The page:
BRISTOL — “Fire at will!” shouted Mount Abraham Union High School physics teacher Tom Tailer, raising his air horn high above his head and sounding the start of the war games with a loud blast.
Decked out in a cap and vest, the cuffs of his pants tucked into his boots, Tailer looked the part of the army commander he played last Thursday. At his signal, the battlefield outside of the Bristol high school erupted into a melee.
The sophomore, junior and senior students-turned-warriors wore a hodgepodge of eye and head safety equipment, ranging from motocross helmets to hockey masks and ski goggles to fencing hoods. A few of the more ambitious warmongers arrived decked out in full camouflage. One scrambled across the battlefield wielding a huge American flag.
And all the while, tennis balls pinged through the air, launched by massive slingshots and cannons fashioned from PVC piping.
“Incoming!” cried one student, as a particularly deft slingshot warrior fired off a volley of ammunition.
Altogether between 85 and 90 students took to the field on Thursday for Tailer’s 25th annual “physics wars,” an educational exercise that is part science lab, part crash course in global conflict.
In many ways, Tailer said, the history of physics is the history of the arms race. Before Galileo’s time, artillery was an art, not a science. While the lab work these students do is made up of complicated mathematical models, they’re also confronting questions about ethics along the way.
Science has a context, Tailer said. And with so many people on the planet now making improvised explosive devices or weapons of mass destruction, that context can be a devastating one.
“If we’re going to teach the physics of projectile motion, we want students to look at the global implications of that,” he said.
So, enter the physics wars. The wars are an all-day event, and far more complicated than the fog of war might first suggest. First, students spend weeks studying the physics of their weaponry and projectile motion in what Tailer said is one of the most complicated lab assignments students at the high school will face.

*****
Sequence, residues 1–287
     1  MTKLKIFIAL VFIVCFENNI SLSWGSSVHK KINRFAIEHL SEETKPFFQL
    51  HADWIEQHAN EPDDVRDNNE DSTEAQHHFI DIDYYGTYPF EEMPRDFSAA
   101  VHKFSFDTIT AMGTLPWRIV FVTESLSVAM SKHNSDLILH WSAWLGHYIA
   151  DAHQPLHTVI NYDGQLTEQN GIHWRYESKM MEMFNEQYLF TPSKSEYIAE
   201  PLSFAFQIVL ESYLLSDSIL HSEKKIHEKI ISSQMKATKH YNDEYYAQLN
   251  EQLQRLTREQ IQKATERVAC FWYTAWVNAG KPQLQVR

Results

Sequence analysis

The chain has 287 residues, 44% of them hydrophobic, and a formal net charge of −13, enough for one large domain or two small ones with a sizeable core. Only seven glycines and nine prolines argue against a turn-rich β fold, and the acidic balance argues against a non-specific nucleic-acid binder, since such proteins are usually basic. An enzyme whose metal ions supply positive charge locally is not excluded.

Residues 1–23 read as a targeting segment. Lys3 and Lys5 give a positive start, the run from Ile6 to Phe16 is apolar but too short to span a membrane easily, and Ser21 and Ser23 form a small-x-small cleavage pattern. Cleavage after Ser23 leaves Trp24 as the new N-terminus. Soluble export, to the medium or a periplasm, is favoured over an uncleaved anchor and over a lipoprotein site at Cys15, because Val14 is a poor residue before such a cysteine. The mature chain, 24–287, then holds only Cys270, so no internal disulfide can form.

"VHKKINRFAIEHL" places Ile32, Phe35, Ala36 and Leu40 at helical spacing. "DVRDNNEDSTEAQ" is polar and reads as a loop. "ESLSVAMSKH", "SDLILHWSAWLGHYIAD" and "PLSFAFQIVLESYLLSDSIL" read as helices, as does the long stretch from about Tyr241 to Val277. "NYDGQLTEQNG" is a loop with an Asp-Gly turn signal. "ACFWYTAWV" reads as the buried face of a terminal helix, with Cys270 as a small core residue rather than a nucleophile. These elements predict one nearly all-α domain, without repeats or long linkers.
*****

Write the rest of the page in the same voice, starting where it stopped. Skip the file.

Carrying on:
Then, they construct their weapons and head to battle. Each team is assigned a country, with a set number of natural resources, military power and population. When the war simulation gets under way, alliances form and break. Treaties are written. Some countries head to the forefront as aggressors, and others lay low.
During the lunch break, senior Christian Wilson dashed over to consult with Tailer. Wilson was representing Afghanistan in the maneuvers. The two hashed out ideas for flanking maneuvers and mobile warfare, and then Wilson hurried off to prepare for the next round of attacks.
The morning’s simulation had seen a few catastrophic events. The population of the United States was wiped out, Tailer deadpanned, and the country’s food resources destroyed. Argentina, Brazil and Colombia had united, and South America had pummeled its neighbors to the north. By the end of the morning, half of the world’s resources had been annihilated.
“Resources” are translated into “teenager-speak,” according to Tailer: Mountain Dew, pizza, and candy. Of course, the unluckier countries have none of that; teams like the country of Chad are saddled with famine. If other aggressors move after those teams, there are unfortunate consequences.
“It’s never a good idea to attack a starving nation, after all,” Tailer said.